From medical student to volunteer vaccinator
While many of her peers were stuck at home during lockdown, second year medical student Janine Ramos was out in the community, putting what she’d learnt at university to good use. Rochelle, a friend of Janine’s who nominated her as an Awesome Aucklander describes her as a “powerhouse”, spending countless hours helping at vaccination centres around Auckland, as well as being part of the Student Volunteer Army, delivering food to those who couldn’t go out and shop, all while juggling her demanding studies. “Her gentleness, kindness and love shines through in everything she does for others.”
Janine says being able to go out and help her community helped her get through lockdown.
“The last lockdown was a lot better for me in terms of not feeling as anxious or lonely. I had family, friends, and uni to keep me going, but also being able to work and vaccinate people was a really rewarding time for me. Lockdown can be hard, especially because I feed off other people’s energy, but I was so thankful to be out there working every day. Seeing other nurses, doctors and students going out and doing what they could was so inspiring.”
“With my chosen career pathway, everything fell into place and I really enjoyed getting out and falling in love with the practice. Especially during COVID, you just see the worst of the worst. It’s rewarding knowing that even something as simple as a vaccination can change a lot for someone, to know they’re protected, even the slightest bit.”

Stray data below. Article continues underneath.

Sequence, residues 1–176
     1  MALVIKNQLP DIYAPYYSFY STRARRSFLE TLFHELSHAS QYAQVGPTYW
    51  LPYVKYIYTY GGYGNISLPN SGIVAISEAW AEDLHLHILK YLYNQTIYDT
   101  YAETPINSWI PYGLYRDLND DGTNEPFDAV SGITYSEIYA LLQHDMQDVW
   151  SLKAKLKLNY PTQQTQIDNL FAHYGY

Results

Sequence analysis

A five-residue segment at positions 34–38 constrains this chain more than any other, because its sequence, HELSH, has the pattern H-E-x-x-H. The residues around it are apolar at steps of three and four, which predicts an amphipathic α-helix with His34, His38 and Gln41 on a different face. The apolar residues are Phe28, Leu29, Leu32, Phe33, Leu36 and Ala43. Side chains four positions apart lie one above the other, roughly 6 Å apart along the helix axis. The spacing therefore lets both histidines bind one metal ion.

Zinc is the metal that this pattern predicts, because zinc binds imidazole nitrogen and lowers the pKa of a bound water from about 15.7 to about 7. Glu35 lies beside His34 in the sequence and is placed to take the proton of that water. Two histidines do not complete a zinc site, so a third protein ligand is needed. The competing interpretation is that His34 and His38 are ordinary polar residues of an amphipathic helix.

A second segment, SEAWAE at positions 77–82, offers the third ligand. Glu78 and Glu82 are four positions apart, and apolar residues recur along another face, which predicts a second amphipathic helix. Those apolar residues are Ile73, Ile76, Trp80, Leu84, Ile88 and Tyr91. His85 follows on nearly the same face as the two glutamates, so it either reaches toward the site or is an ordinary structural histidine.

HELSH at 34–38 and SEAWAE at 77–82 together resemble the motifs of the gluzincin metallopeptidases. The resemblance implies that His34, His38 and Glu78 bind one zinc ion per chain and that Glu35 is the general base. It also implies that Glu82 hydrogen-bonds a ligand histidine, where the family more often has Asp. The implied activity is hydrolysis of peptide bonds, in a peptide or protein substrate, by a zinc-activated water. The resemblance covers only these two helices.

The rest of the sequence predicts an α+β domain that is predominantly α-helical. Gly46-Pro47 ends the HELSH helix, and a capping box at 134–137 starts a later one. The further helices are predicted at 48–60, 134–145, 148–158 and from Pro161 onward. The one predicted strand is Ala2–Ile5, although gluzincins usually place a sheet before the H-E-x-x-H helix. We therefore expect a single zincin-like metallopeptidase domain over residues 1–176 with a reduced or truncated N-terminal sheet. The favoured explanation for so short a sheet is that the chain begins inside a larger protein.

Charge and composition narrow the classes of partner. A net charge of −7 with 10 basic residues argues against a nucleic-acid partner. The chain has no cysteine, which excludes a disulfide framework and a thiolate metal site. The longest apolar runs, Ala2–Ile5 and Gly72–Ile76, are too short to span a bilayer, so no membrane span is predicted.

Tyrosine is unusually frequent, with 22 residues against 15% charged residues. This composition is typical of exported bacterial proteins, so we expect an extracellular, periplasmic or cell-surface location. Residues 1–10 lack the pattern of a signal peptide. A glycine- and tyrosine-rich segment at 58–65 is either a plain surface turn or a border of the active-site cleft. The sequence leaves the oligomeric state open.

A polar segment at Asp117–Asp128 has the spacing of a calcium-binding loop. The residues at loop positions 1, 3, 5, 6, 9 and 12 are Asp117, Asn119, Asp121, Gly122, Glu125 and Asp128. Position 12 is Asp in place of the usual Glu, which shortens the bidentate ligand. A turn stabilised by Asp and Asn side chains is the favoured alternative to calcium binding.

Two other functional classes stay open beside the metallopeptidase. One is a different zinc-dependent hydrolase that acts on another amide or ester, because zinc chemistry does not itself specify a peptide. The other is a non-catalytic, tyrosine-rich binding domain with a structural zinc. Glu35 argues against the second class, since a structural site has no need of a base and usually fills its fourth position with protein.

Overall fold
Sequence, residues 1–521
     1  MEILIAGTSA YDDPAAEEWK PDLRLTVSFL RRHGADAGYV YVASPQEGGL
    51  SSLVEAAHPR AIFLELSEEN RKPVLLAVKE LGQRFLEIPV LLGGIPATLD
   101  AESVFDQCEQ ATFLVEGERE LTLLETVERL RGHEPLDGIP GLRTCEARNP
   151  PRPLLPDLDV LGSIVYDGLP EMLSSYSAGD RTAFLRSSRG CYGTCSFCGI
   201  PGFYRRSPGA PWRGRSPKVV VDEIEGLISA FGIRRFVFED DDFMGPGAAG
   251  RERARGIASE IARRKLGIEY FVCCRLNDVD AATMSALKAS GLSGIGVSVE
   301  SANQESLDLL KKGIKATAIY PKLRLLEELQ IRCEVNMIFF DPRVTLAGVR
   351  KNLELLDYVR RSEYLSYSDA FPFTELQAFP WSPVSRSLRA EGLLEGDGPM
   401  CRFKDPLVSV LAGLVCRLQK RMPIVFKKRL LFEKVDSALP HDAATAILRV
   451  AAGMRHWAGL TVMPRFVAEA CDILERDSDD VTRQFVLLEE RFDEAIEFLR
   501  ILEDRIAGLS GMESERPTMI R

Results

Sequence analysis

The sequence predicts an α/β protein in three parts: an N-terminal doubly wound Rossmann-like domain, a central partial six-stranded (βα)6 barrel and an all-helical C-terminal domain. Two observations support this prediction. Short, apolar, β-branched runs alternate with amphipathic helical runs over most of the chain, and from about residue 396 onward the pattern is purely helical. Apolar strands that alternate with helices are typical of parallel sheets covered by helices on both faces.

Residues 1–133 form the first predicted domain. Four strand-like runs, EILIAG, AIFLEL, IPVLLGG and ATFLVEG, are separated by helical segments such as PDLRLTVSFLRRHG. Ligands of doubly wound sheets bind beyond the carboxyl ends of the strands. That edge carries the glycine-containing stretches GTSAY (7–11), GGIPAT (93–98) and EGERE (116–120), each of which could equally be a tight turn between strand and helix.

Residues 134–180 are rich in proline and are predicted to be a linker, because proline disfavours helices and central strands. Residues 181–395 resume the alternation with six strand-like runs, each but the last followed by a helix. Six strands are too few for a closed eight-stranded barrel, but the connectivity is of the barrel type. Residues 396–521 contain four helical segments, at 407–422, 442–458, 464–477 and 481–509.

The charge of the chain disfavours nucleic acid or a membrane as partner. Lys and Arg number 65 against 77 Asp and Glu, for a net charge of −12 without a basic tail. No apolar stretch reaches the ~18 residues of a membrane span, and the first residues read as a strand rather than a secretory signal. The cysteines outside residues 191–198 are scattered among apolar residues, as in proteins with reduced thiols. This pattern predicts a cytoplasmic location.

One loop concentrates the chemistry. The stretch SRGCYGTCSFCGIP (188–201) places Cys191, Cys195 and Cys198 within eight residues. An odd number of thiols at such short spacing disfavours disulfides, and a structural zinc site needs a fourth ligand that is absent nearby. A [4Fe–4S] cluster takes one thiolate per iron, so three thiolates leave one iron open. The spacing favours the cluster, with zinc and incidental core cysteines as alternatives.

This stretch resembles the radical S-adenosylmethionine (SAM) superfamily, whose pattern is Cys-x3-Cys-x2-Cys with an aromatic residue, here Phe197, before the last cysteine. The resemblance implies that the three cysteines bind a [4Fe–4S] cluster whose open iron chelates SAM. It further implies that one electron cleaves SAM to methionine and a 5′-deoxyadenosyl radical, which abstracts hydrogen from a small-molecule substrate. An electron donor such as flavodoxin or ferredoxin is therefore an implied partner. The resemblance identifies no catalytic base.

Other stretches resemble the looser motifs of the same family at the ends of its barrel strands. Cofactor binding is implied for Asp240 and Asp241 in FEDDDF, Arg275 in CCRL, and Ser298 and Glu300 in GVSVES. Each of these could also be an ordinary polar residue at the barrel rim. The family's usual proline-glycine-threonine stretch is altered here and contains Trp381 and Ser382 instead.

While there are many high points and rewarding moments, it’s not always warm fuzzies and stress-free. Janine admits that it can take a toll sometimes, especially when patients don’t get better.
“It’s really draining to watch someone you’ve admitted turn so critically ill in the span of two hours... It’s hard to see people suffering, especially when it’s children falling critically ill.”
Janine is grateful for the support systems she has at home with her family and at work with her colleagues. Her siblings all came home to join the family bubble over lockdown, and she says the staff at managed isolation facilities, where she’s recently begun helping out with emergency care, place a strong focus on wellbeing too.
“I've been hitting pretty big shifts, up to 12 hours! But we have wellbeing coordinators who are constantly checking on staff. Someone will come and ask if we're okay and encourage us to talk if we need it."
“It’s good because I wouldn’t normally stop to think about how I’m looking after myself through all of this. I think we’re in a really good place with mental health. Obviously there’s more to be done but there’s more of a lens on it now and people are able to acknowledge that they might not be okay mentally, even if they’re okay physically.”
Tāmaki Pūkenga Rau